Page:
Centre for Democracy and Law organized an international conference European Values, Member States, and the Future of the EU that was held on 5 and 6 December 2019, at the House of Europe in Zagreb. The conference is part of the Jean Monnet project European Values in a New Member State: Croatia in the First Five Years of EU Membership. The first day of the conference brought together leading experts on the topics of the values of freedom and solidarity in the Croatian and the European contexts, representatives of civil society organizations, unions, media, public officials and scientists who explore these values in an interdisciplinary way.

Dario Čepo from the Faculty of Law at the University of Zagreb and the Academic Coordinator of the Jean Monnet project and Tvrtko Jakovina, President of the Management Board of Centre for Miko Tripalo gave the welcome remarks. Duško Sekulić from the Faculty of Law at the University of Zagreb was the key note speaker. Dario Čepo presented the project, its objectives and he emphasized the importance of examining the role of European values in the European Union member states. Tvrtko Jakovina noted that a number of topics including the European Union and the Croatian position in the international community, are in the focus of Centre Miko Tripalo’s work. Many of the Centre’s activities have a European dimension and examine how Croatia can contribute to the European Union as a common project. Duško Sekulić gave the keynote speech on the topic of Values in Europe – Modernization, Conflict, and Change. He believes that we should not be surprised by the strengthening of authoritarian tendencies as a possible solution to social problems, and we also should not be surprised by the rising opposition to liberal ideas such as the market economy. Authoritarianism, according to Sekulić, is not a fixed feature of social and political systems; it occurs under certain circumstances. He considers sovereignty to be the new word for nationalism. Underlining the nation in such way can lead to numerous questionable outcomes, such as jeopardizing minority rights. In his concluding remarks, he paraphrased Jean Monnet by saying: „if I were to begin building the European House once again, I would start with culture, not the economy“.

The introductory lecture on the panel on freedom was by Simona Guerra from the University of Leicester. She said that the process of democratization is in retreat not only in Europe, but in the global context. Guerra showed that those countries that have democratized after the Cold War are today declining in terms of democratic standards. She cited Poland and Hungary as the main recipients and beneficiaries of EU funds, but noted that they are lagging behind when their adherence to European values are considered. Meanwhile, according to statistical data, there has been a drastic number of reports of Hungarian citizens appealing to the European Court of Human Rights (up from 0,71% to 10,41%).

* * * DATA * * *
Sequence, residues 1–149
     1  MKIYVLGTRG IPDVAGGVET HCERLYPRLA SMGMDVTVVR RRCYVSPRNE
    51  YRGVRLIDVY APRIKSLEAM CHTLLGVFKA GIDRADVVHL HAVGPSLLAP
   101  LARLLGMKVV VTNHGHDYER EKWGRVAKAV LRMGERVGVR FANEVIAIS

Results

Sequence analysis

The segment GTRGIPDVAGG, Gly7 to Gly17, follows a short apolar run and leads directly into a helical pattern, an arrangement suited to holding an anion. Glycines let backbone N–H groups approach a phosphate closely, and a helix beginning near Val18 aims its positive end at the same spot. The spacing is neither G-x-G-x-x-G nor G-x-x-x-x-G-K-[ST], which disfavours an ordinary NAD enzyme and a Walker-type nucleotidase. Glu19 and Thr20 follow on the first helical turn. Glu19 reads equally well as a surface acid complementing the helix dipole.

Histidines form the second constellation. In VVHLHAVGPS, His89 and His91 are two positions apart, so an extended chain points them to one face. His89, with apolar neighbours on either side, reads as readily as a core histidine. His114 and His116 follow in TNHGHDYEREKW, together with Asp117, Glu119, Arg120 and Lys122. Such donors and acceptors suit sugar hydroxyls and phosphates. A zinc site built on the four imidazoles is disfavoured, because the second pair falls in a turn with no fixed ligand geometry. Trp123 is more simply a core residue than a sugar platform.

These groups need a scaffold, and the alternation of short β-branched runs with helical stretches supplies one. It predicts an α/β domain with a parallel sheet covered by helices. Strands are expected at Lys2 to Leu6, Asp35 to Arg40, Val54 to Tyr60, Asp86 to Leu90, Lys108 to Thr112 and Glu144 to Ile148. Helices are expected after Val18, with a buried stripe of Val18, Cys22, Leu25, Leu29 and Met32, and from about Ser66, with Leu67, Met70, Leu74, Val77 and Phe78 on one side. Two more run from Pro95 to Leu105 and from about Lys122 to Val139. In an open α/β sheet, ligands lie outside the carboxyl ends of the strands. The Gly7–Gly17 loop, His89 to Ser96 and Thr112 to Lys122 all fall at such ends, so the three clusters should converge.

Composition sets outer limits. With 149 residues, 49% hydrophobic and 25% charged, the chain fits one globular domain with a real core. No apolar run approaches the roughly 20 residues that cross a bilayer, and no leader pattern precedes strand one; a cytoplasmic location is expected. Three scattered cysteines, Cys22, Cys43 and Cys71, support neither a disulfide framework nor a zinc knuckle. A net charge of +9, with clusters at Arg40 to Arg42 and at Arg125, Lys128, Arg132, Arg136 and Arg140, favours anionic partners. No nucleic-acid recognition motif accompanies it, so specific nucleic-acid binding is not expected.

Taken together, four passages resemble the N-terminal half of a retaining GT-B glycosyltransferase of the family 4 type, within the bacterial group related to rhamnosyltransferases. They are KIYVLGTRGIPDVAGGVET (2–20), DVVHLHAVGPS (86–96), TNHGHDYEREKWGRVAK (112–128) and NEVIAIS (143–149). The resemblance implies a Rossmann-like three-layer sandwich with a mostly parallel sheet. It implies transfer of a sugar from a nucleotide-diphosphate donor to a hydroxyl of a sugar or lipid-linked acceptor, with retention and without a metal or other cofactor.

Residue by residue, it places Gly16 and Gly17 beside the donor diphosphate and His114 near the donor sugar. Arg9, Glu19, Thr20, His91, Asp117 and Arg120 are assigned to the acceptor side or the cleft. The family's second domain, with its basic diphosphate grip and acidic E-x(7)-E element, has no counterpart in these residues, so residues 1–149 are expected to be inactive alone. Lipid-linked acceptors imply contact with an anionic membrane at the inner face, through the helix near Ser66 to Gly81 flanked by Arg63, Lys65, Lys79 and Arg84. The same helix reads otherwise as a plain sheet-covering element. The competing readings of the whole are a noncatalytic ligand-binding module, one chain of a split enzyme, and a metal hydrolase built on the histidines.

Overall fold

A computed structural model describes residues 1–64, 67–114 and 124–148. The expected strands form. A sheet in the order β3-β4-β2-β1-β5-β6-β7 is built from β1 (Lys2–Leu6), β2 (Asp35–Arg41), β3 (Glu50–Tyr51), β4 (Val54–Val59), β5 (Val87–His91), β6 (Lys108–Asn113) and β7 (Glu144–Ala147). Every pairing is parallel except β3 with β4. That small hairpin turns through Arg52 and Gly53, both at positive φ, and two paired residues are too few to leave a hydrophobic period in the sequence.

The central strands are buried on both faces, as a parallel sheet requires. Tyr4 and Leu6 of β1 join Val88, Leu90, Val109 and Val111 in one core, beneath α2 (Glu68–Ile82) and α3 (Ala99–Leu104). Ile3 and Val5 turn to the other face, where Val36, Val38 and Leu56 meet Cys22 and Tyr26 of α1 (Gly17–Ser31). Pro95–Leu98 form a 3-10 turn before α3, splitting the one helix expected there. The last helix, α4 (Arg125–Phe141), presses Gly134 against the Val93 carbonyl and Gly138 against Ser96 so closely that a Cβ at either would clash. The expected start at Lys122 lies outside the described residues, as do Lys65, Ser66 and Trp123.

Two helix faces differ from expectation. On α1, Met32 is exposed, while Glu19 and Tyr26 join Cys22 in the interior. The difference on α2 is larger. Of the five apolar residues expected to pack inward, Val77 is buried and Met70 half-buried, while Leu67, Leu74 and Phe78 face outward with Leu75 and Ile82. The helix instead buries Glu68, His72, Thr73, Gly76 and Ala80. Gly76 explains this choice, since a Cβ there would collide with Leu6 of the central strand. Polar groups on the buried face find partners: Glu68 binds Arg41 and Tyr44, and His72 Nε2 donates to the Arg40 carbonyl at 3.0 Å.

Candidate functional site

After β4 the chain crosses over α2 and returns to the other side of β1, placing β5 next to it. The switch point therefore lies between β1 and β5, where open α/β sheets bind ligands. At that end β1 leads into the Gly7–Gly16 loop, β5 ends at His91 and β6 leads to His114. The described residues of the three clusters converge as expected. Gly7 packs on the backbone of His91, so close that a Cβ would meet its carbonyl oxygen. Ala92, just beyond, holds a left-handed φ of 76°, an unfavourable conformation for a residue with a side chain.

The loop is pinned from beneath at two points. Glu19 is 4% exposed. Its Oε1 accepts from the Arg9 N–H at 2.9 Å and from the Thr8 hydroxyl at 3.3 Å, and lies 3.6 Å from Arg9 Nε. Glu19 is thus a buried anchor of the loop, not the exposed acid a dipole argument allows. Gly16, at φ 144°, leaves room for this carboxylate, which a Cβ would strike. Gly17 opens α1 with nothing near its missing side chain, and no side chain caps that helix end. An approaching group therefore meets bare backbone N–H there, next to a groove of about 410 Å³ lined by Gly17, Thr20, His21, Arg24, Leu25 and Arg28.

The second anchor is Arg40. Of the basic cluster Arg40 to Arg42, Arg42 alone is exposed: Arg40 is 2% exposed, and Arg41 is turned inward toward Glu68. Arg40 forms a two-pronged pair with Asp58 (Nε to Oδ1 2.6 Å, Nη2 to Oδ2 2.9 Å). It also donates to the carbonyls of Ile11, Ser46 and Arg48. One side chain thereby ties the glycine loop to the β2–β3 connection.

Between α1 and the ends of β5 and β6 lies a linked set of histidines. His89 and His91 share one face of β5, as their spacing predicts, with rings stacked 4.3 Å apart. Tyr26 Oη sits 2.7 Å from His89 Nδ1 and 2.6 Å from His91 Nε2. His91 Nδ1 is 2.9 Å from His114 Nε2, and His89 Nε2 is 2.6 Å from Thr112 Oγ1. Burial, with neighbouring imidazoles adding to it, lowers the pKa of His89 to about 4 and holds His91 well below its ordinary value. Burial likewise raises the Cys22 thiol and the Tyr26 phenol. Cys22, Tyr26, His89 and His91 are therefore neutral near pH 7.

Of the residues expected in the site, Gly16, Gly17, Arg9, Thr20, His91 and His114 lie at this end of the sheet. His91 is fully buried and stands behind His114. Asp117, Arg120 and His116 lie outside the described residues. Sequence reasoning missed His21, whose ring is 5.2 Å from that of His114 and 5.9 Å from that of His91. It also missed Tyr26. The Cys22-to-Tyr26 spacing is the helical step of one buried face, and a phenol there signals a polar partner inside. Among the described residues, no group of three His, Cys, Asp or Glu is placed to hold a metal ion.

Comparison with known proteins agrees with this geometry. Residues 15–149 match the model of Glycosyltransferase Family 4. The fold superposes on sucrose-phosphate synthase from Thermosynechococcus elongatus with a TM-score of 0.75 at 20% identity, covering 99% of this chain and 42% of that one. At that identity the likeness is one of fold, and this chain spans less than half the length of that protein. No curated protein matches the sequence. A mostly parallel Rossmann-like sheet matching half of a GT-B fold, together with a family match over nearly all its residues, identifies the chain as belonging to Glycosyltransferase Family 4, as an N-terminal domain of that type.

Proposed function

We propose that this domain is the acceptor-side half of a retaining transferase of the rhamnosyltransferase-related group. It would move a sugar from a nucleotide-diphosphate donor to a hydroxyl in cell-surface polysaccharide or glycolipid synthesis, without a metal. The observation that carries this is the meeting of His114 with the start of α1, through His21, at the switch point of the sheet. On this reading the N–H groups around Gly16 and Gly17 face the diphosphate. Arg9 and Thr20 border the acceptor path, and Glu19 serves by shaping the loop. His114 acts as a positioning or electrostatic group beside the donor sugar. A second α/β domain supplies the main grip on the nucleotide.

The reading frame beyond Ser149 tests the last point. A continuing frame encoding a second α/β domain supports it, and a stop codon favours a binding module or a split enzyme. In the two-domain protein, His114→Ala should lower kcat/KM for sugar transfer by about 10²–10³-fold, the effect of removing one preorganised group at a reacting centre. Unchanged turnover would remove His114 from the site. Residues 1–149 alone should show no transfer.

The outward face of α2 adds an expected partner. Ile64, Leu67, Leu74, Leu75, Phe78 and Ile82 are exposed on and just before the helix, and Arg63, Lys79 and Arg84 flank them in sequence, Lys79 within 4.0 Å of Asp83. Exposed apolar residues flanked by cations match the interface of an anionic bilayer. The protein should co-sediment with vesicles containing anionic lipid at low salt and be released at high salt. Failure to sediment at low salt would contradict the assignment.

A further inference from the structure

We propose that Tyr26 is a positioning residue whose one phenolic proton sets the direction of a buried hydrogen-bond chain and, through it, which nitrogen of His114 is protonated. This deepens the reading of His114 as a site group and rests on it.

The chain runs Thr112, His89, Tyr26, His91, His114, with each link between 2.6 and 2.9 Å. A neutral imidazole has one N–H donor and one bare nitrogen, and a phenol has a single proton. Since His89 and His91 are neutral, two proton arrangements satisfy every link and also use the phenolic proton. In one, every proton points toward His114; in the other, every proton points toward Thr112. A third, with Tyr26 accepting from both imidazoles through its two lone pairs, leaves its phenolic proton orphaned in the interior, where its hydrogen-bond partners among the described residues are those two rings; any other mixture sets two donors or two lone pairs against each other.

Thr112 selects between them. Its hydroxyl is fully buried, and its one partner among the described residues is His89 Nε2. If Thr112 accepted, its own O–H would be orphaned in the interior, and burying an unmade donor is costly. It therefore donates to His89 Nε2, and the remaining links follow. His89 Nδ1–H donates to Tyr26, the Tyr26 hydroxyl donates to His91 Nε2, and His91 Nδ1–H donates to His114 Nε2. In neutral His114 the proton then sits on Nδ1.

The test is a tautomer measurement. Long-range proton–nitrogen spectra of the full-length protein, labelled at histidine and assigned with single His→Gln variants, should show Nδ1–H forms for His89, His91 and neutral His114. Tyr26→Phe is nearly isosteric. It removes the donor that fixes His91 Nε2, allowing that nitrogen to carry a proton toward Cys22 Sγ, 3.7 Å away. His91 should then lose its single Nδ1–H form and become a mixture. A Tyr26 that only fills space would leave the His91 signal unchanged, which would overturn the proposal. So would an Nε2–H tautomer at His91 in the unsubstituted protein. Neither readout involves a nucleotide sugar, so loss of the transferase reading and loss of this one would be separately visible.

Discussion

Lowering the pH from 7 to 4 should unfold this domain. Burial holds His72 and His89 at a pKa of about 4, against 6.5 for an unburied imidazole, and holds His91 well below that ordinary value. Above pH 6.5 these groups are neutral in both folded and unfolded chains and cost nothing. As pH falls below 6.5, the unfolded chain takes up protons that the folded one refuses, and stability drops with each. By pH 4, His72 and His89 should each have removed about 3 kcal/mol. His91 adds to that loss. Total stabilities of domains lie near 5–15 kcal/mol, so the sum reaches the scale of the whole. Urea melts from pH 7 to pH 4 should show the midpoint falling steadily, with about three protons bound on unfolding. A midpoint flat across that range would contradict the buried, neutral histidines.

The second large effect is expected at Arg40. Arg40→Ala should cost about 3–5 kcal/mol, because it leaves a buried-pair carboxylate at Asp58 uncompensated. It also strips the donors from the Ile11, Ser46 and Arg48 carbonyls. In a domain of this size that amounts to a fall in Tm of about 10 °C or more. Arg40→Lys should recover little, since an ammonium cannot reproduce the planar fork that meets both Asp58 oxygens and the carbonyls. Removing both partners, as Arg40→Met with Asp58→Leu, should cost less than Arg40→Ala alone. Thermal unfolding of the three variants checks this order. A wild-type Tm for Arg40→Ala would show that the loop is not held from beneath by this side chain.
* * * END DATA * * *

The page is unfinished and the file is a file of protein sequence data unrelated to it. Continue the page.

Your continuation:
The second speaker was H. E. Mr. Haakon Blankenborg, Ambassador of the Kingdom of Norway to the Republic of Croatia. He argued that the values that we speak of today within the European Union are under threat. He mentioned three speeches that clearly outlined the direction of the debate on values in the EU: the one by Jacques Delors about strengthening cooperation and institutions of the EU; the one by Margaret Thatcher about the importance of national (state) sovereignty; and the one given by Viktor Orban in 2014 about illiberal democracy. Blankenborg considers that we are witnessing a rising polarization in Europe and that the main question remains: Who will decide when my freedom is violated?

The next presentation was given by Zrinjka Peruško from the Faculty of Political Science in Zagreb and Centre Miko Tripalo. Peruško claims that the violation of media freedoms began with Viktor Orban. The question remains how can these changes in values be explained. According to Peruško, there is no longer a belief in the linear progress of values. In Eastern Europe we are prisoners when it comes to media censorship of topics and actors. She named three examples of media freedom violations: everyday pressures on the freedom of expression, freedom violations in the digital media, and cultural pressures (for example: billboards for the Fine Dead Girls theatre show being censored). Instead of media freedom we are witnesses to the constant pressures that journalists are exposed to.

Ivana Dragičević from the Information platform N1 spoke about the understanding of freedom in today’s world and the challenges facing liberal democracies. Societies have underestimated the business models of tech giants which resulted in people donating their personal information that has in turn become part of artificial intelligence and big data processes and is used to profile voters and consumers. The understanding of freedom in an age of the onslaught of radical options, whether religious or political, and the impact of the digital space and manipulation, must be redefined. The role of education is of particular importance since it does follow the same speed as the development of technology and the possibilities for manipulation. Her conclusion is that the space of freedom must be conquered continuously. She compared every individual in society with Sisyphus, who will always have to push the rock uphill in his life, no matter how many times it rolls back downhill.